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Summary: Bright by Brigit Young
Marianne Blume has convinced herself that she’s not smart. She’s gotten through school so far by charming teachers out of questioning her. But her eighth-grade teacher, Mr. Garcia, isn’t easily fooled. To pull up her grades for high school, Marianne tries to win his favor by joining the school’s trivia team (which he coaches). But as the term progresses, Marianne bonds with the trivia kids and learns that there’s more to being smart than book smart — but also, she’s more intelligent than she gives herself credit for.
I LOVED this book so much — it’s definitely one of my favorites this year. After a presentation gone wrong (years before), Marianne convinces herself that it’s easier to act like the stereotypical “dumb blonde” than it is to try (and maybe fail). This begins a pattern of behavior that carries through middle school. When teachers ask her questions, she pokes fun at herself and avoids answering by cracking the class up and fatiguing the teacher. She’s sure she’s perfected this method until Mr. Garcia.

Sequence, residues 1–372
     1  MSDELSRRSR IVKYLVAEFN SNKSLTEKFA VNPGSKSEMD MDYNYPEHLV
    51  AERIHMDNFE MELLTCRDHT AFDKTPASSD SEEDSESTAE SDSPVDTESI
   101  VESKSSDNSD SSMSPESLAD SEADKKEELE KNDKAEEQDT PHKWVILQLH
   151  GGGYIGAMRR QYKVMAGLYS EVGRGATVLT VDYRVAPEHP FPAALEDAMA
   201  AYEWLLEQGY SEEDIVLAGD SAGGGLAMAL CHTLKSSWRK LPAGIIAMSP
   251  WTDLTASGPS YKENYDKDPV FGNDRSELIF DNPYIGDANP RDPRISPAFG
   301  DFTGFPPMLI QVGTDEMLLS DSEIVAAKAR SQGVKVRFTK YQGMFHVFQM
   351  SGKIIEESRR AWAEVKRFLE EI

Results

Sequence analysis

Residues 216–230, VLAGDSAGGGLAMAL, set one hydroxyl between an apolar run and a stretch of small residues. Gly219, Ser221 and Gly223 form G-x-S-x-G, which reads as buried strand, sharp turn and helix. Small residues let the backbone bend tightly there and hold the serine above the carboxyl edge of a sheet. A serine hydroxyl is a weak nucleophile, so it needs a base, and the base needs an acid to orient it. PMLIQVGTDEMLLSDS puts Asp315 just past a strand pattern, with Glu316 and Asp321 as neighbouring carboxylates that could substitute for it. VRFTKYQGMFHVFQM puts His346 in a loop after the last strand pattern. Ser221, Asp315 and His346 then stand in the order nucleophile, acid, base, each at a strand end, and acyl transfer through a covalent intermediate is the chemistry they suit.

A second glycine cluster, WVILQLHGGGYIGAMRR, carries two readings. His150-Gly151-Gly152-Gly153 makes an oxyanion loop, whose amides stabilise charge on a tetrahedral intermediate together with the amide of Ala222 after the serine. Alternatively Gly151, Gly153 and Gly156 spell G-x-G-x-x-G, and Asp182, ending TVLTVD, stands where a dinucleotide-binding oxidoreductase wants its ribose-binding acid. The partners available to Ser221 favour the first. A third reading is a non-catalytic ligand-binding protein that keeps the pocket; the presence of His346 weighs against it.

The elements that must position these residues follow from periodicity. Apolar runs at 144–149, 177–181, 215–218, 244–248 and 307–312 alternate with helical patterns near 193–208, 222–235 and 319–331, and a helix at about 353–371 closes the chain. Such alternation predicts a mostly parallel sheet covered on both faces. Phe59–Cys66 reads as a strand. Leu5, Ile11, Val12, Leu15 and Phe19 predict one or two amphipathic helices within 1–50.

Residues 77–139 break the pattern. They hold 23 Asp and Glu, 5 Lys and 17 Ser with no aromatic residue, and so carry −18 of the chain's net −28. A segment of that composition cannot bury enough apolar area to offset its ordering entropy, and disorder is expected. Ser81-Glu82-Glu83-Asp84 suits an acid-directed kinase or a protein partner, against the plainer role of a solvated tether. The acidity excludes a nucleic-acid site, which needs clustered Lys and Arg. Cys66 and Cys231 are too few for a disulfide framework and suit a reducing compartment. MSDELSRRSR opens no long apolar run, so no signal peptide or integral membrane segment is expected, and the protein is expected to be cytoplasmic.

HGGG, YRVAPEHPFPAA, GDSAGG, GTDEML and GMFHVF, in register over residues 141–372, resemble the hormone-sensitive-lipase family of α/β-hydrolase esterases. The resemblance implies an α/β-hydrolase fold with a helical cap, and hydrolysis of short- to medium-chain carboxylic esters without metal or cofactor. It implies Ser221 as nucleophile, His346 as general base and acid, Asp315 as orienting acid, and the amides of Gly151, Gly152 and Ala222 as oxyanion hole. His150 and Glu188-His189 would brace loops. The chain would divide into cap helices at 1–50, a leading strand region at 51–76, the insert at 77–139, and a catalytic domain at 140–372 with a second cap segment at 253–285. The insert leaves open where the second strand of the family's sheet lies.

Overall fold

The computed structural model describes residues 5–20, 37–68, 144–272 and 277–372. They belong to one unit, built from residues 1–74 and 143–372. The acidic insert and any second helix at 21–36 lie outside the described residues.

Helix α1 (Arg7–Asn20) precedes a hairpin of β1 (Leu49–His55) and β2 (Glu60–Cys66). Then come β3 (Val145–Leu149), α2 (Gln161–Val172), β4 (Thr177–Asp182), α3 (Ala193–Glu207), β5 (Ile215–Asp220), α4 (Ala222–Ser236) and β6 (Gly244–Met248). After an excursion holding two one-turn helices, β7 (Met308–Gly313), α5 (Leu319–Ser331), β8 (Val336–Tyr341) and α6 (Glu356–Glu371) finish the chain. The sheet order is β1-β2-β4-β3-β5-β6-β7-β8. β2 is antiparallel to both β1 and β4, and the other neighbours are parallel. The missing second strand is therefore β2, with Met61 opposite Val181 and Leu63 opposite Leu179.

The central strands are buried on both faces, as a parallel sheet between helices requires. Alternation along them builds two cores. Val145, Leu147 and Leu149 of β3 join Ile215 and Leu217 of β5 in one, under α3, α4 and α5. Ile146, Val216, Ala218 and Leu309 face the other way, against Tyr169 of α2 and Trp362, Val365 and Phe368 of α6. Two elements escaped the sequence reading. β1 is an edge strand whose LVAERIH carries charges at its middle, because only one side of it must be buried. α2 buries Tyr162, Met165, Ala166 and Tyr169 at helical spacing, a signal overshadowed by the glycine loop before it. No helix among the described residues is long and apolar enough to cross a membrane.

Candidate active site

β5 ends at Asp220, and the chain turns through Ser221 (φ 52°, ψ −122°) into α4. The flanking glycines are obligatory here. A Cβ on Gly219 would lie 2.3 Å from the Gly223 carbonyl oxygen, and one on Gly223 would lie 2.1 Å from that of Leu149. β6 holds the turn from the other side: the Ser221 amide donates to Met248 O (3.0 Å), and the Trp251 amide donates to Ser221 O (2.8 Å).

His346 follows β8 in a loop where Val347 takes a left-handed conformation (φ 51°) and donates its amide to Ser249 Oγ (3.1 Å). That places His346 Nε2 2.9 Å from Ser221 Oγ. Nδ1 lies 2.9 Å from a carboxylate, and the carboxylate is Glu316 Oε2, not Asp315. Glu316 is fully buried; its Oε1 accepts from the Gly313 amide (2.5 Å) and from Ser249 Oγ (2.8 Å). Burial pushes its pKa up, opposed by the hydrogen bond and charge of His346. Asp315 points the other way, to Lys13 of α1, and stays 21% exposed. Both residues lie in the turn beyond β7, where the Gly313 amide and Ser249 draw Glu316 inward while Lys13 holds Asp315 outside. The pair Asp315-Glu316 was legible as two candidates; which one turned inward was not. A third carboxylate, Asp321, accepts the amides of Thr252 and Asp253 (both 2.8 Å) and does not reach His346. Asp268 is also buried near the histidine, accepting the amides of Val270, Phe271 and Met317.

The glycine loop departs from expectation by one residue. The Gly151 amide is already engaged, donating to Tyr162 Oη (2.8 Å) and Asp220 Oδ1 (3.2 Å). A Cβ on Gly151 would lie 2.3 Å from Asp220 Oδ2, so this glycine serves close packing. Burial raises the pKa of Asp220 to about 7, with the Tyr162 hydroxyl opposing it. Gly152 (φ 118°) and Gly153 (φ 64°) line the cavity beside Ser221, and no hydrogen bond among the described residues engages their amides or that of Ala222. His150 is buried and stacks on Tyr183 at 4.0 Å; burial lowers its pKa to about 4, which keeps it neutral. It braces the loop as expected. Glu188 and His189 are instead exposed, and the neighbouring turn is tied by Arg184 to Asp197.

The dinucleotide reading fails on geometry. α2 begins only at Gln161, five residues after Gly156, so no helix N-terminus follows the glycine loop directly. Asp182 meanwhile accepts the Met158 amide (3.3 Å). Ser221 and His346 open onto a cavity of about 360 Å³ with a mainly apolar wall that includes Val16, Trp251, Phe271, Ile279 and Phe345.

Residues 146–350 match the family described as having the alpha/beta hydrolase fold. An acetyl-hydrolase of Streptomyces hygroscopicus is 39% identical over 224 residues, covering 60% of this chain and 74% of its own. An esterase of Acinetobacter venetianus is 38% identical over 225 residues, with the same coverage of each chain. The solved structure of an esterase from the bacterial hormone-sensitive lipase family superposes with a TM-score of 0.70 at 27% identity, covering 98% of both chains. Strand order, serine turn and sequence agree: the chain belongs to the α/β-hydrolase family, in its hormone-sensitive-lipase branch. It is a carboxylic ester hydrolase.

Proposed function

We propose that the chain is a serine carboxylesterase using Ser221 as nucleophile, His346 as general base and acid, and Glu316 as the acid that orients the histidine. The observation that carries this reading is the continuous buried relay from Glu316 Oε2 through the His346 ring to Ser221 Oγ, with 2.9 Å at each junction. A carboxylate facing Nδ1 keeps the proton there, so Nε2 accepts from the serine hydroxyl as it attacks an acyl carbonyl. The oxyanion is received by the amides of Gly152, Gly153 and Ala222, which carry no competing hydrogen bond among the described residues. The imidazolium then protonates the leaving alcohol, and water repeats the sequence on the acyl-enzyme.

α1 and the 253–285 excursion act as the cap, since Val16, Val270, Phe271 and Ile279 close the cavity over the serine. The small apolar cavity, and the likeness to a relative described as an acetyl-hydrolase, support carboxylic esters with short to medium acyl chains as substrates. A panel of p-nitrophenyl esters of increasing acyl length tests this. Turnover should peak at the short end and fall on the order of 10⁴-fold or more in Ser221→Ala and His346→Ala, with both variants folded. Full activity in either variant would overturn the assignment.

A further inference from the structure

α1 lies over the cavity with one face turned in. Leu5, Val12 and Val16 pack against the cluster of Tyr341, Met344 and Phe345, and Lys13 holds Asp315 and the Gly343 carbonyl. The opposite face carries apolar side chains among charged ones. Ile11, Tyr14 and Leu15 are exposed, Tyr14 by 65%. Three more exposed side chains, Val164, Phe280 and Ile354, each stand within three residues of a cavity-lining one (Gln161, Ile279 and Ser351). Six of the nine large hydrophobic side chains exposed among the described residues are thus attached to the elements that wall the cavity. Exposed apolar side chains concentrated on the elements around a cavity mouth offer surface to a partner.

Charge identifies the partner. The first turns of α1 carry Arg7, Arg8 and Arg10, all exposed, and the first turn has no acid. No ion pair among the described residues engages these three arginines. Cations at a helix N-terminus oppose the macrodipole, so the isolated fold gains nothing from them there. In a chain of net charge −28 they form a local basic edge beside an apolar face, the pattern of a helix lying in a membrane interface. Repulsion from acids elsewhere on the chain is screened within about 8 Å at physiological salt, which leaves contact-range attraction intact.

Marianne’s best friend, on the other hand, seems to be improving at school but feels like she needs to hide that from Marianne, which strains their friendship. I loved Marianne’s family — especially her parents. It’s not easy for them to understand her challenges, but they try to be supportive, and eventually her mom even helps her with studying.
Joining the trivia team is life-changing for Marianne because she’s forced to try. I loved learning all the trivia and watching the relationship between the kids evolve over time. It was also moving to see Marianne discover her strengths as an encourager, team player, and even learning facts. This is one of those books I struggle to review, but as a parting thought — just read it!
Overall: Bright by Brigit Young
Bright is a deeply insightful book about labels, persistence, and self-belief, featuring themes like sisterhood, female friendships, and family. This one will be extra meaningful to the kids (like me) who are so afraid of failure that they stop trying. It also teaches a valuable lesson that learning isn’t effortless — for anyone. More importantly, it’s a poignant reminder that book smarts aren’t the only valuable skill. People skills are incredibly powerful, especially for leading others. Overall, a stellar novel worth reading.